Spring 2012 - Department | St. Alban’s Minute
St. Alban’s Minute
Jesus said: “Do not store up for yourselves treasures on earth, where moths and vermin destroy, and where thieves break in and steal. But store up for yourselves treasures in heaven, where moths and vermin do not destroy, and where thieves do not break in and steal. For where your treasure is, there your heart will be also. (Matthew 6:19-21)
Legacy. Last week my very first iPod stopped working properly. A fourth generation device, with no touch screen and monochrome LCD display, it relied on a “click-wheel” for song selection, which was the part that failed. But the iPod still has all my music. When I took it to the Apple store, the Genius Specialists called each other over to marvel at its sleek chrome and white poly-carbonate lines. Some had never seen one like this. Sadly, I was told it could not be repaired and, as I suspected, is now considered a “legacy” device.
When it comes to our 21st century technological world, the word legacy pertains to any old and outdated component of hardware or software that, though still functioning, does not work well or is not supported by current systems. My iPod is now relegated to that great neither region (neither current, neither supported) that begins with “Well, back in my day…” and includes floppy disks (yes, they really WERE floppy), Palm Pilots, the Apple Macintosh, IBM’s OS2 Warp, and Windows XP.
Just because something is a legacy does not mean what it offered is not useful today. Today’s device, built on the legacy left by portable tape and CD players, has evolved into a smart computing device capable of recording and editing video, as well as browsing the Internet. It is used as an educational tool by students and teachers alike.
Recently, we commended to God and lay to rest longtime kindergarten teacher Phyllis Latimer. Though retired from Ê»Iolani many years ago, she was a familiar face on campus as a substitute and summer school teacher. She was 80 years young and held a fighting spirit. At her funeral, students, colleagues, and family spoke of her legacy. Her legacy is known not in material goods. No one talked about the car she drove or the size of house she lived in. Everyone spoke about her laughter, her cooking, her love of learning, her care and concern for others, and the joy she brought to teaching students. Her most important legacy is now the legions of young men and women, her former students, poised to take on the world.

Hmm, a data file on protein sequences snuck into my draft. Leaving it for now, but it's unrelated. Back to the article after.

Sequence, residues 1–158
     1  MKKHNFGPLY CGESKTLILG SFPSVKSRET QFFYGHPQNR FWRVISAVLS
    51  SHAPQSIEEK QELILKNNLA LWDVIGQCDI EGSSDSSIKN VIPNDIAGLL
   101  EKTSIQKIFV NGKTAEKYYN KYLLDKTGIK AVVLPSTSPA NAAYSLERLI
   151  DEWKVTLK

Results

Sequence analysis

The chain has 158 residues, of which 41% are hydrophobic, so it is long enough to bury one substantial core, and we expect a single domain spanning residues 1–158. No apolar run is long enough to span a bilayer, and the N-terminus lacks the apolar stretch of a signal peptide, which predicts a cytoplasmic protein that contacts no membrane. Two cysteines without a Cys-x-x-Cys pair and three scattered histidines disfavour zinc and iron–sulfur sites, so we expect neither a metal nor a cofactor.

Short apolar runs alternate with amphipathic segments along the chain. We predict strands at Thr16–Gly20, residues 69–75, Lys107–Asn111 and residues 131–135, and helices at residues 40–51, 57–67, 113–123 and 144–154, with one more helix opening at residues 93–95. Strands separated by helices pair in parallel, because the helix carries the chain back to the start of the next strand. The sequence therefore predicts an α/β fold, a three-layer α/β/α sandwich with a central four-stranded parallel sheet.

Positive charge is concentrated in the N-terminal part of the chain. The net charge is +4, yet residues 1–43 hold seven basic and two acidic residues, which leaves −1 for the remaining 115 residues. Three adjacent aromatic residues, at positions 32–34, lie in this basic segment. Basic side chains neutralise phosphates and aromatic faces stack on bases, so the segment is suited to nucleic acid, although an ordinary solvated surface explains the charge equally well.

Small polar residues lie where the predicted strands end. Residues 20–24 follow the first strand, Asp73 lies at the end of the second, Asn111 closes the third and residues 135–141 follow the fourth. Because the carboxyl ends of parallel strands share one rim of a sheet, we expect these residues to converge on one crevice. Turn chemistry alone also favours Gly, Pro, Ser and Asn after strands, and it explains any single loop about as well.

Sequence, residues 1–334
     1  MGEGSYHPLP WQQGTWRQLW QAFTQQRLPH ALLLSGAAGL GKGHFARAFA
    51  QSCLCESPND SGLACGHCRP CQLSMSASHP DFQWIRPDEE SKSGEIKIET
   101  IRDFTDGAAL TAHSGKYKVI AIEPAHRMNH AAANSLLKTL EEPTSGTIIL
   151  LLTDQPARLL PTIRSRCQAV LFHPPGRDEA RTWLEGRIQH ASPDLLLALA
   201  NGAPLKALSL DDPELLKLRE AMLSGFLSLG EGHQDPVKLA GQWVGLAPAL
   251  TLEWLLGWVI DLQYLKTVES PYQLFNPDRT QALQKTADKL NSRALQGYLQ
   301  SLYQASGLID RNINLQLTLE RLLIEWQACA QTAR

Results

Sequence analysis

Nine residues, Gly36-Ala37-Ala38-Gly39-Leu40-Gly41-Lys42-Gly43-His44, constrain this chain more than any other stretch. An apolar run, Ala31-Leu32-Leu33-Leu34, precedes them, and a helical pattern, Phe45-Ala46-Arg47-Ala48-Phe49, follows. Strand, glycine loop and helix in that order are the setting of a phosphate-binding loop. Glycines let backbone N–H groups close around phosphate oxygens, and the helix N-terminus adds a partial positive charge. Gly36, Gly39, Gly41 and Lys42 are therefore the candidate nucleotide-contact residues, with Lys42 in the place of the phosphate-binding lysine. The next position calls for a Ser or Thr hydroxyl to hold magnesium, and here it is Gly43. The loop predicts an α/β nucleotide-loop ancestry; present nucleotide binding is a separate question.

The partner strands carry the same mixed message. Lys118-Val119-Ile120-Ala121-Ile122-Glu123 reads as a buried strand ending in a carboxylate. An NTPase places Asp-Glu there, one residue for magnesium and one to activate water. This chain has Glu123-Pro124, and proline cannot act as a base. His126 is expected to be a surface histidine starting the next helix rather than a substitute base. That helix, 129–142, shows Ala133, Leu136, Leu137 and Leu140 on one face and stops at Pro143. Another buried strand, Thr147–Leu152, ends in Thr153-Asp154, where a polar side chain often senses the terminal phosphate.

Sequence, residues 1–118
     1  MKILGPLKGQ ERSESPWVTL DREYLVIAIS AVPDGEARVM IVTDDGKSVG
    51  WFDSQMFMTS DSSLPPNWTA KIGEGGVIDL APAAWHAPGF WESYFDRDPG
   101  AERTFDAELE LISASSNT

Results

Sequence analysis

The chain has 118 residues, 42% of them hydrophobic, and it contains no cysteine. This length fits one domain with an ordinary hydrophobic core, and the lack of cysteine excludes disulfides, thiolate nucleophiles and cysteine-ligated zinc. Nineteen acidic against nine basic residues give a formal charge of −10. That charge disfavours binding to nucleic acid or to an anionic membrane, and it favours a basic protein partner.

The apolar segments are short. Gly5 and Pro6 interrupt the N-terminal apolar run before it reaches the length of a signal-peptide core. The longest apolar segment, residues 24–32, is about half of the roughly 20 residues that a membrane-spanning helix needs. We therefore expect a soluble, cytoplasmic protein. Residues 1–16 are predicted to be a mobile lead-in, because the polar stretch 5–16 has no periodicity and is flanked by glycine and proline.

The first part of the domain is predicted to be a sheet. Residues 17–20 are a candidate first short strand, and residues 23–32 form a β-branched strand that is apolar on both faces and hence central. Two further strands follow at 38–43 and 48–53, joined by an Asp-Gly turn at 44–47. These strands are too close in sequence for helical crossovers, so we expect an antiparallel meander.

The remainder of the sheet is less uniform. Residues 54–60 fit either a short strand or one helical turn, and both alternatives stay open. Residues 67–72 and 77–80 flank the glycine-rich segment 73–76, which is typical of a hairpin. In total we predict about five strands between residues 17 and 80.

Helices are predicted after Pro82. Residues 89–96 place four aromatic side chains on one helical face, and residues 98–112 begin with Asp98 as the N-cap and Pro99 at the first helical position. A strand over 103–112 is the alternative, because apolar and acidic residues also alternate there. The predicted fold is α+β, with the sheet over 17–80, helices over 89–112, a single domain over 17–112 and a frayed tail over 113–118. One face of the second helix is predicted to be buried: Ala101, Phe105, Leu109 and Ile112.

Ê»Iolani is at a significant moment as we prepare for new construction, welcome a new Head of School Dr. Timothy Cottrell, and give thanks to our retiring Headmaster Dr. Val Iwashita and the impact and legacy he leaves behind. Dr. Iwashita’s legacy is not just his alone, but continues the legacy passed on to him by his predecessors, Captain Thomas Miller, Reverend David P. Coon, Reverend Burton MacLean, and others going back to the vision of King Kamehameha IV, who supported ‘Iolani’s founding. I am grateful to Val for the opportunity to minister to this community and will keep him and Cynthia in prayer as they seek out new adventures in retirement.
What is your legacy? What do you leave behind? We must leave things better than when we got them.Ê»Iolani has many treasures that belong to its legacy. Our campus will change, buildings will be built and torn down, such is the way of progress. Headmasters, teachers, staff, and students will come and go through history, but the legacy we pass on must be something deep and abiding.
What is your legacy? What do you leave behind? We must leave things better than when we got them. It is prudent that we take care of our families and our charities with the legacy of tangible treasures, but those cannot and should not be the only things we leave behind. These are treasures that moth and rust consume, things of extrinsic value. Just as important are the treasures of the heart, the “treasures in heaven” of which Jesus speaks.
The Rev. Daniel L. Leatherman